"Right away you could feel it was an emotionally charged crowd, and when you're standing on the steps of the Lincoln Memorial looking across to the Washington Monument, you can't help but tear up a little," says Brooks. "I remember there was this chaos during the big encore when all the musicians and all the presidential VIPs were onstage together. I turned around and there's Colin Powell shaking my hand. It turned into one of the wildest photo ops ever because all the music people and all the political people were pulling their cameras out to take pictures of each other."
One of the most memorable unions of political and musical star power at an inaugural gala occurred in 1993, when a reunited Fleetwood Mac performed "Don't Stop," a hit from their GRAMMY-winning album Rumours, for President-elect Bill Clinton. Clinton had used "Don't Stop" as the theme song to his presidential campaign, but the payoff live performance almost didn't happen.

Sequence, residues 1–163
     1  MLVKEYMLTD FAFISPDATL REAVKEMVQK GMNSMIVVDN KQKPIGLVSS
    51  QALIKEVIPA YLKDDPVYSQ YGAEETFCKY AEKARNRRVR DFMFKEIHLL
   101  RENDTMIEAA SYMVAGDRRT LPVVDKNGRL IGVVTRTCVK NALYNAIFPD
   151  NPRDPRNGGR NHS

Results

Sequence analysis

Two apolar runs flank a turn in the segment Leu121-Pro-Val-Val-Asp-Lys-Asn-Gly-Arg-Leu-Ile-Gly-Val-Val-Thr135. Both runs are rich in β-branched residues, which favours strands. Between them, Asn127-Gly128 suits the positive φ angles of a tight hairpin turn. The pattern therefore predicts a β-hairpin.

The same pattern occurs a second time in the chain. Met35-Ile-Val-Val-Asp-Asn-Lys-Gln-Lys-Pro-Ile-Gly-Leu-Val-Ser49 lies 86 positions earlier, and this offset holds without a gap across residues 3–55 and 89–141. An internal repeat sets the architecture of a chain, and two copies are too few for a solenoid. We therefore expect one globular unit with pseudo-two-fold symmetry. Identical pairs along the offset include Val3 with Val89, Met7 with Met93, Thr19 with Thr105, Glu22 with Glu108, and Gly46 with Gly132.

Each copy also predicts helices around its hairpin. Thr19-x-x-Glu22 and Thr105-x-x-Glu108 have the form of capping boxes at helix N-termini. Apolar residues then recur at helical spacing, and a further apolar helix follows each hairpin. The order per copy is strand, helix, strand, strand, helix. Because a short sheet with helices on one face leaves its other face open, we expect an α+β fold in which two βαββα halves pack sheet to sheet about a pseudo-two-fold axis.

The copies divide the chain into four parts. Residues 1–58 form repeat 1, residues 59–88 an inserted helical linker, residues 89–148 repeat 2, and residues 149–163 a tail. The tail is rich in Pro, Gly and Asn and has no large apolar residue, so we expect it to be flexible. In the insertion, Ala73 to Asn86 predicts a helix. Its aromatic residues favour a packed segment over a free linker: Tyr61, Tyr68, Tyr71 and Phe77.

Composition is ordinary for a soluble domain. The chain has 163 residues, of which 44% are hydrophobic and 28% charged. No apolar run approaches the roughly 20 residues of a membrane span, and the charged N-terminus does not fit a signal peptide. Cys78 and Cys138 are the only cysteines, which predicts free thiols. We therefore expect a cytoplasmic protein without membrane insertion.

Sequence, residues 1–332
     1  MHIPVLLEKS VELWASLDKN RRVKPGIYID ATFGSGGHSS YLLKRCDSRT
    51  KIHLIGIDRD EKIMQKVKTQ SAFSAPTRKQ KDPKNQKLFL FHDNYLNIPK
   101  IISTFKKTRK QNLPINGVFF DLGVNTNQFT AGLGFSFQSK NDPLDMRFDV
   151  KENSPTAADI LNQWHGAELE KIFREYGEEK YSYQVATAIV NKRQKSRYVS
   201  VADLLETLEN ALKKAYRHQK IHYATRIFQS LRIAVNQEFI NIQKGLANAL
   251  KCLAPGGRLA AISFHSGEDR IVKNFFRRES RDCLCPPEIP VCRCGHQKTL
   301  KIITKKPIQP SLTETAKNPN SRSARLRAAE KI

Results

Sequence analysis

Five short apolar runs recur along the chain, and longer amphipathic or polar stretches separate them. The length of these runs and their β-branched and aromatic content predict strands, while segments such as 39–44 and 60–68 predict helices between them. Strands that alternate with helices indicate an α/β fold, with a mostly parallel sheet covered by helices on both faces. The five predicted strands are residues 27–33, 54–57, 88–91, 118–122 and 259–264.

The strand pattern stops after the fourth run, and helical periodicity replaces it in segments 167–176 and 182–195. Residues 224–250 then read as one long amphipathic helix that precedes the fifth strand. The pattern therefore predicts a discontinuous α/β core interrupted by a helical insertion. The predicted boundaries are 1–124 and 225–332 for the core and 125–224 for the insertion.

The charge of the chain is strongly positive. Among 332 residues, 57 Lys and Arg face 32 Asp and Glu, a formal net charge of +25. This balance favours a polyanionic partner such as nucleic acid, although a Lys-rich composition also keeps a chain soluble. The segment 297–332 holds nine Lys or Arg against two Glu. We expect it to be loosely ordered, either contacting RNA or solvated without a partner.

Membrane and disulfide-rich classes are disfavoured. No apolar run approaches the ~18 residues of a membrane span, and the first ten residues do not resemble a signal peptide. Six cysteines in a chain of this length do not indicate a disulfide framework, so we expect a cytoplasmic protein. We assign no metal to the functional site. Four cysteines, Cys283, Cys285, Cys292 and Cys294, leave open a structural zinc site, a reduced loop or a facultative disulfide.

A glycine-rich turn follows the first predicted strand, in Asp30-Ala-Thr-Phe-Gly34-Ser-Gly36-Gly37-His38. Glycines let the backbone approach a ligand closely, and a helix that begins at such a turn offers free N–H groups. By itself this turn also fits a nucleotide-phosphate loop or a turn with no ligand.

"At that point we were as broken up as we'd ever been," says Stevie Nicks. "When our management received the request for us to play, they said, 'No.' I heard about that and thought to myself, 'I don't want to be 90, looking back and trying to remember why my group couldn't play the president's favorite song for him.' I told management to let me handle it."
Nicks successfully coaxed her bandmates into a one-night, one-song reunion, a performance she remembers as truly exceptional.
"For one thing we'd never seen security like that," she says. "The Secret Service makes rock and roll security feel like a bunch of grade school hall monitors. But the performance felt really important. It felt like we were a part of history, and that the song itself was becoming a piece of American history. It was a fantastic night in all of our lives, and I'm really glad the band was able to come together for that one."
The Beach Boys played Ronald Reagan's second inauguration after a somewhat confused relationship with the White House. The band had headlined a series of Fourth of July concerts at the National Mall until 1983, when U.S. Secretary of the Interior James Watt accused the group of attracting "the wrong element" and booked Wayne Newton in their place. Watt later apologized, and the Beach Boys were reinstated and invited to play Reagan's inaugural gala in 1985.